Abstract Art Painting Ideas
What’s that supposed to be?
Abstract art is a difficult concept for many people to understand. Some people complain that abstract paintings aren’t realistic. They say they’ve read the placard on the wall next to a painting in a museum, and the subject mentioned in the painting’s title doesn’t appear in the painting. They don’t see the subject of the painting.
The subject mentioned in the painting’s title does appear in the painting, but not in a form that many viewers will recognize. There isn’t any rule or law which states that the subject of a painting must look like the object or scene or person in question.
The colors are there, the lines are there, as are the shapes and often the textures. The emotions the artist felt when viewing or thinking about the subject of the painting are there.
What is abstraction?
Abstraction—to abstract from something—means "to draw away from, to separate."
Let's say I go to my local farmers' market and buy 10 apples. If I separate the 10 from the apples, I have an abstract number, since it no longer means 10 particular objects.
What if I decide to paint a picture of the apples? When I look at them closely, I see that no two are alike. If I leave out any small details when executing my painting, I am abstracting a part of what I’m actually seeing. I’m taking something away from the apples. Even the most realistic painting of my apples will be an abstraction of sorts—it is impossible to paint the picture without leaving out something.
Abstraction goes into the creation of any work of art, whether the artist realizes it or not. The ancient Egyptians drew stick figures on their wall paintings, and the ancient Greeks painted geometric shapes on their pottery.
During the Renaissance, artists began using abstraction in a conscious and controlled way. They found that the shapes of nature were easier for the eye to see if they were broken down into simplified and regular geometric shapes.
The Start of the Abstract Movement
In the beginning of the 20th century, Paul Cézanne and Georges Seurat rediscovered the control of natural shapes, as painted by the Renaissance artists. They concluded that every shape in nature was based upon the sphere, the cone, and the cylinder. It was the work of Cézanne and Seurat that started the abstract movement in modern art.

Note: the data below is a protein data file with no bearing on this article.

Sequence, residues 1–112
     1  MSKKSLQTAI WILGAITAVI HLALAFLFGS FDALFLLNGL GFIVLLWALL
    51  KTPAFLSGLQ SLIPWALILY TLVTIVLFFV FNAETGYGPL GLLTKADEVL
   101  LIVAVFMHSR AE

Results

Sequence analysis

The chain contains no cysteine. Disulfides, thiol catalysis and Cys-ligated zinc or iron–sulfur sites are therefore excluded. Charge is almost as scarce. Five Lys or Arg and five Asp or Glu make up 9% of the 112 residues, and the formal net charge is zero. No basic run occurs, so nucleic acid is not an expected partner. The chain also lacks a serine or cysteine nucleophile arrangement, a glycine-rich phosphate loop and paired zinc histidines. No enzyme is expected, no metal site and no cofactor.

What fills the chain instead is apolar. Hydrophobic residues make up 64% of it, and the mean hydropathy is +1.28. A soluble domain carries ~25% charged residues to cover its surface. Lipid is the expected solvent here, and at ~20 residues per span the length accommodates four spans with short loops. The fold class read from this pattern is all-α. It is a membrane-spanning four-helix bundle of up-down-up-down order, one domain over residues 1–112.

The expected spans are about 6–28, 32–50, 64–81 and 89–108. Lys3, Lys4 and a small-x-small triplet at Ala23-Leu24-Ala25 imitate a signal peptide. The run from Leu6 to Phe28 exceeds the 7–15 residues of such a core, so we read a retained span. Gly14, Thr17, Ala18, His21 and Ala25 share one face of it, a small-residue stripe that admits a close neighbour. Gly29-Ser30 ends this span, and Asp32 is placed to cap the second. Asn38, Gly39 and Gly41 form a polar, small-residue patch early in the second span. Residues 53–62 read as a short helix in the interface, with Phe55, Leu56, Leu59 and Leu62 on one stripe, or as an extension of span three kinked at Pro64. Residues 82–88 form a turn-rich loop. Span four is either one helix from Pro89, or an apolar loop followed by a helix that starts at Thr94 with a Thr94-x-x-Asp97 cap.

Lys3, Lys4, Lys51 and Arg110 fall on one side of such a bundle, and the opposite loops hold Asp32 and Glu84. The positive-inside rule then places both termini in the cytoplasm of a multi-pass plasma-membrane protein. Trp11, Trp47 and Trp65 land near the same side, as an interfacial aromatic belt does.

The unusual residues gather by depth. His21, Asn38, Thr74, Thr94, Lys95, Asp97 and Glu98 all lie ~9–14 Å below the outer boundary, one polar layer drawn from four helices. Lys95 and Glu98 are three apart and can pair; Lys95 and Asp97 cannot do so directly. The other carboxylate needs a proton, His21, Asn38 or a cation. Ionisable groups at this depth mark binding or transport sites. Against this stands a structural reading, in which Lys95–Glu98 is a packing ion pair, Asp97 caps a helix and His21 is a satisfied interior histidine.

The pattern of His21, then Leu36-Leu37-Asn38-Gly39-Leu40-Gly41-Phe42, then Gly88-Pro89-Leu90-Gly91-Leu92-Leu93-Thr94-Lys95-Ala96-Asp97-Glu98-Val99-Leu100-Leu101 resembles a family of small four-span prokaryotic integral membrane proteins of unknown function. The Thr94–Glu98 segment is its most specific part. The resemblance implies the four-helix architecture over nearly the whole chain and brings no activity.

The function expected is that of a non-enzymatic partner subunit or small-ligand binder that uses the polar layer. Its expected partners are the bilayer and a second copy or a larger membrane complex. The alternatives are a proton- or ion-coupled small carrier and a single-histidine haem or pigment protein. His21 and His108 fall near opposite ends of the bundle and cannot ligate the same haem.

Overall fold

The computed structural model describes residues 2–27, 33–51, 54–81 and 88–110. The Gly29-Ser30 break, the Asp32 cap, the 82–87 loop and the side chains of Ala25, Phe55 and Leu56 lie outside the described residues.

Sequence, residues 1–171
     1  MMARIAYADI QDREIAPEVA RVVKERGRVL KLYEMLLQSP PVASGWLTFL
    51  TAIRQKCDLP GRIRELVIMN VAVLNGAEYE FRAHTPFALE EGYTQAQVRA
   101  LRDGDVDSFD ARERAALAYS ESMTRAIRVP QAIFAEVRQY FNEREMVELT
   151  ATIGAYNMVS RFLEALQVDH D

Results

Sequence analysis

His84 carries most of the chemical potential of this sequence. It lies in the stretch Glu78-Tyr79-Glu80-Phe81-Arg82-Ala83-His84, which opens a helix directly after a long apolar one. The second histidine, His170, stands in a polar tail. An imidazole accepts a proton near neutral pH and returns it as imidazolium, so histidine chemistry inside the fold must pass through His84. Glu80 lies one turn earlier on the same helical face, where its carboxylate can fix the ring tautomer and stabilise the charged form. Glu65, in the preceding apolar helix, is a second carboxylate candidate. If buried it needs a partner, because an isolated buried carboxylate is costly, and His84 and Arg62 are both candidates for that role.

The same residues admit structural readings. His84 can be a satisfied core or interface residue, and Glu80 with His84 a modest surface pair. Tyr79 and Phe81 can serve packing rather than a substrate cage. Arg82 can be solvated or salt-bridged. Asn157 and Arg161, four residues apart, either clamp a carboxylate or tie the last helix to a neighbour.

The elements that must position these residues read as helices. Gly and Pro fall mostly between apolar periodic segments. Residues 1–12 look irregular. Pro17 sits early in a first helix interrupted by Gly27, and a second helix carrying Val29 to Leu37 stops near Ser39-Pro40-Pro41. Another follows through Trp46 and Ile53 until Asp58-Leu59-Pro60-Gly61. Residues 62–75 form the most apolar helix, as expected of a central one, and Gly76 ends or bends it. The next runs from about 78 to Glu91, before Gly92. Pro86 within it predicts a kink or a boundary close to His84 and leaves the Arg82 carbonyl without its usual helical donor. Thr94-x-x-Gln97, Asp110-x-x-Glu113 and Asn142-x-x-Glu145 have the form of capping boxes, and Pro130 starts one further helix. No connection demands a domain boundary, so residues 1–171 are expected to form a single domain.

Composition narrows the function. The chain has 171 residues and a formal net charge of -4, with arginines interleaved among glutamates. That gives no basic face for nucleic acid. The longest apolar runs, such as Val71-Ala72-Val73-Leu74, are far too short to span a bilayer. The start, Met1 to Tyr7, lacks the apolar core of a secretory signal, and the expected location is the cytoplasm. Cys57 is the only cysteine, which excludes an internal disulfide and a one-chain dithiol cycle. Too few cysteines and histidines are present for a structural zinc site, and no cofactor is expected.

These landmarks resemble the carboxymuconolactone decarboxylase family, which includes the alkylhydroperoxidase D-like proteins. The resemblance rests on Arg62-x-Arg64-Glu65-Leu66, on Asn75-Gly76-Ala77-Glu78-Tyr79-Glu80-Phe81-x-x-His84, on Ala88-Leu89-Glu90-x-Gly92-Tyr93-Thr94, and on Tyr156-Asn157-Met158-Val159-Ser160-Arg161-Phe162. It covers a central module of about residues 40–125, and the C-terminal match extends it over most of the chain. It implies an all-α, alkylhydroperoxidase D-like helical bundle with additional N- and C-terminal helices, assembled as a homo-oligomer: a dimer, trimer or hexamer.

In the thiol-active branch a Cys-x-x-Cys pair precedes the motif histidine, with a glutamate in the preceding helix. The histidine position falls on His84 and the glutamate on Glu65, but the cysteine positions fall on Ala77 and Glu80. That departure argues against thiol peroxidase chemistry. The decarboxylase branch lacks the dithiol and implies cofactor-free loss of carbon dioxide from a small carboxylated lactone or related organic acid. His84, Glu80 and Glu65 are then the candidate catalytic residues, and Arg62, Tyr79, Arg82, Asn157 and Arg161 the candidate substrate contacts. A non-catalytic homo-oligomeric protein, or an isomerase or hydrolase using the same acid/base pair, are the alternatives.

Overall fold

A brilliant example of this is George Seurat's A Sunday Afternoon on the Island of La Grande Jatte.
How to Create Abstract Art
The easiest way to create abstract art is to start with a photograph. Take a digital photograph of something in nature—flowers, trees, a simple landscape or seascape—and upload it to your computer. Make a copy of the original; you’ll want it for reference purposes.
Using your favorite graphics program, change the image. Distort it, change the colors, change the texture, blur the edges.
Erase some of the picture. Add an image on another layer. Let part of the image show through the erased part of the original layer.
Another way to create abstract art is to use your favorite graphics or paint program. Relax, start applying color, transform the areas of color into shapes. Soon, a painting will emerge.
One of my good friends, Mohan Kumar, who publishes his work on HubPages using the pseudonym Docmo, is a talented artist as well as an excellent writer and photographer. Most of Mohan's Hubs are illustrated with his photographs, photo collages, paintings, and drawings.
Mohan created this painting especially for my article to illustrate how a blank canvas can be transformed into an abstract work of art.
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